Who gets the house?
We report regularly on problems with relations and the family home. Valuable properties, elderly parents and arguing siblings can be a toxic mix.
In a recent case, a mother sued her son over a house that was worth £600,000 and a flat worth £200,000. The mother made various payments to one of her sons in relation to the properties over the years. The legal title to both properties was held in the sole name of the son to whom the payments had been made.
The owner of the properties let his mother and brother live in one of them. The owner did not think that his brother was keeping the property clean and tidy and in an attempt to provoke his brother to move, he served a notice to quit on his mother and it is this act which led to the court proceedings.
The mother claimed that, due to her contributions, she was entitled to claim a beneficial interest in the properties. This means that whilst she was not the legal owner, her son would have to pay her all or some of the sale proceeds if and when the properties were sold.
The mother's situation was complicated by the fact that her grasp of the English language was poor and there was little evidence of how and why the various payments had been made over the years.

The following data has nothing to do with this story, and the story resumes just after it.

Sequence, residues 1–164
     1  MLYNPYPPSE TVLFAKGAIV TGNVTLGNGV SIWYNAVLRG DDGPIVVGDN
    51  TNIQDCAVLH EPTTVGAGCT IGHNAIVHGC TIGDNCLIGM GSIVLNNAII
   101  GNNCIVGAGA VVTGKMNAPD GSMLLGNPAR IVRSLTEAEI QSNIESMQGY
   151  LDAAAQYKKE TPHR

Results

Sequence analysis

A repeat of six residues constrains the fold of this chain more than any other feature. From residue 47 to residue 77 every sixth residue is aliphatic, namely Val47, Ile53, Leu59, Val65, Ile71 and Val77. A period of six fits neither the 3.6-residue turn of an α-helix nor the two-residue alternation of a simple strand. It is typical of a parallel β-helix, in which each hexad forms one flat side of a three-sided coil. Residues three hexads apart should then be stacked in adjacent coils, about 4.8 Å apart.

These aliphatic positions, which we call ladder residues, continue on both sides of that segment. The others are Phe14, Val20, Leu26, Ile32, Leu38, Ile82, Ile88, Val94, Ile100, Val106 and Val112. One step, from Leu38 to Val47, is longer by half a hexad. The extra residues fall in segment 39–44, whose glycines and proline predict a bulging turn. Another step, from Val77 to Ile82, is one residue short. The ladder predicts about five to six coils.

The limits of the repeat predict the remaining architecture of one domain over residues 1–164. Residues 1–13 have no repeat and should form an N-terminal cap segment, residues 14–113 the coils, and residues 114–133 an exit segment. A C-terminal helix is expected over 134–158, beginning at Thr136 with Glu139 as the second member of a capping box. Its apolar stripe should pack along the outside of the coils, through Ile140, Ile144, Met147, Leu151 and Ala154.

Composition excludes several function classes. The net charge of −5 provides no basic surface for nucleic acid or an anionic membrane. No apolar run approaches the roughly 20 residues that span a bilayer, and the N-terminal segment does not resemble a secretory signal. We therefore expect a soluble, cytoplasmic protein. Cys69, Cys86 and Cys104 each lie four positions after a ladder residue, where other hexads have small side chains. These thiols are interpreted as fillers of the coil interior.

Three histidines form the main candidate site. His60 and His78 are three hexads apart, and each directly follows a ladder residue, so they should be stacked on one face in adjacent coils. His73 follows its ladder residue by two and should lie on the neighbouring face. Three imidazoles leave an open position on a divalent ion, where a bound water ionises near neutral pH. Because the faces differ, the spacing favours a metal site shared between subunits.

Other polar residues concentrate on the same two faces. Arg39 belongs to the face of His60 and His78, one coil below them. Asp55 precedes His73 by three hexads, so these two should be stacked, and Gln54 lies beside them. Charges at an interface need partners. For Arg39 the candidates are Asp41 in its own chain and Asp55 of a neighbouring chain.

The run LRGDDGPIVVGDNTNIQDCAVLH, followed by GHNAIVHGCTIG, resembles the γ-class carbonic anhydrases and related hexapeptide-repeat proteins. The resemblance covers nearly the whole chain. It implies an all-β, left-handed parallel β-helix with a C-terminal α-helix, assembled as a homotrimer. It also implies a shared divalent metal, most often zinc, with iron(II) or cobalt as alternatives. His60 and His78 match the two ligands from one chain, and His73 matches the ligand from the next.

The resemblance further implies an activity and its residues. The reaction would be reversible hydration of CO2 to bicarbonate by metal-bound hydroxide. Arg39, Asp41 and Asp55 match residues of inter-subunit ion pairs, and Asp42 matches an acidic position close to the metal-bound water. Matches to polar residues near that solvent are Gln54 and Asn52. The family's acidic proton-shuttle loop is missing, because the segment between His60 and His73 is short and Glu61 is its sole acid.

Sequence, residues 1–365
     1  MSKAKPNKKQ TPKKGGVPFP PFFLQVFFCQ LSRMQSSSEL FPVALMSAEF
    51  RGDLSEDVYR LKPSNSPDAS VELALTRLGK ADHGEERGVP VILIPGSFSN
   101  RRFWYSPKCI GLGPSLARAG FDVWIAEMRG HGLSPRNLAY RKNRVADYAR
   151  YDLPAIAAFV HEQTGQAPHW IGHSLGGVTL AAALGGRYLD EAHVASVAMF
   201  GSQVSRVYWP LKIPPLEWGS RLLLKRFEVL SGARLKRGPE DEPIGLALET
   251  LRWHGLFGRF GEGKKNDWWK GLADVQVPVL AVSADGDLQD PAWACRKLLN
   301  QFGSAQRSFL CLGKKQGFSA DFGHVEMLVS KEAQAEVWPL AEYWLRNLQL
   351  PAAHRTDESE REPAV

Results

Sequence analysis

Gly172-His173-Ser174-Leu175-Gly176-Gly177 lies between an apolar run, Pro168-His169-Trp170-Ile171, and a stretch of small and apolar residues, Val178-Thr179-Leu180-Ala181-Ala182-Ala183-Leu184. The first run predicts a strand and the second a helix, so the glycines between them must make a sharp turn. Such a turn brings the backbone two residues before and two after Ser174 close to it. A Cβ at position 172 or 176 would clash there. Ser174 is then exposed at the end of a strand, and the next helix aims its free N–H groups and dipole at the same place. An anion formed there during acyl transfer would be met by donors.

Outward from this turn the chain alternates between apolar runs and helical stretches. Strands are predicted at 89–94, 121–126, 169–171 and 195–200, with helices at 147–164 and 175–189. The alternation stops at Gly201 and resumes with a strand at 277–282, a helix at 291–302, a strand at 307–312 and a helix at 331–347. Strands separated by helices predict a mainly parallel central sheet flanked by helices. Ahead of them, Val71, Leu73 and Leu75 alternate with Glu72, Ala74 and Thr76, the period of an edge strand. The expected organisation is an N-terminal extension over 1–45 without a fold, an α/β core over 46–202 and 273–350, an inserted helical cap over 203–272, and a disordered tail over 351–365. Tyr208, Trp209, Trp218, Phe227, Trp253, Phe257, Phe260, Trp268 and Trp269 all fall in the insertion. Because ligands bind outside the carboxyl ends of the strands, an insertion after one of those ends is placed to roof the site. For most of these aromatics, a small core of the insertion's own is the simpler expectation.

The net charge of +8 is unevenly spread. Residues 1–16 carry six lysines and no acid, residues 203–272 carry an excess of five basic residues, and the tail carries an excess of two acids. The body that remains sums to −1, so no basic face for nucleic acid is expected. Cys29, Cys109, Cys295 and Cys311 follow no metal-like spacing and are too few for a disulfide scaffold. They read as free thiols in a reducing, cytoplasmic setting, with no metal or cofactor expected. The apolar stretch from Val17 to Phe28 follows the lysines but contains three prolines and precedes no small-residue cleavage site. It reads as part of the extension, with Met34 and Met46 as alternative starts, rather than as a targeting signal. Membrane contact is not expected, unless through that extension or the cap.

The court held that the mother was entitled to a 30% share in the house but had no interest in the flat.
The solicitor acting for the mother said: 'This is a sad case because no matter the outcome, it irreparably fractured the family unit.'
The case is a sad reminder of the importance of obtaining legal advice before making payments to family members. The purpose of any payments should be properly recorded and if a share of a property is the expected result of a payment, this should be documented.
A solicitor can also ensure that a client who might have difficulties understanding what they are doing or being told is properly advised and that this advice is in writing.
To discuss this or any other property related issue, contact us.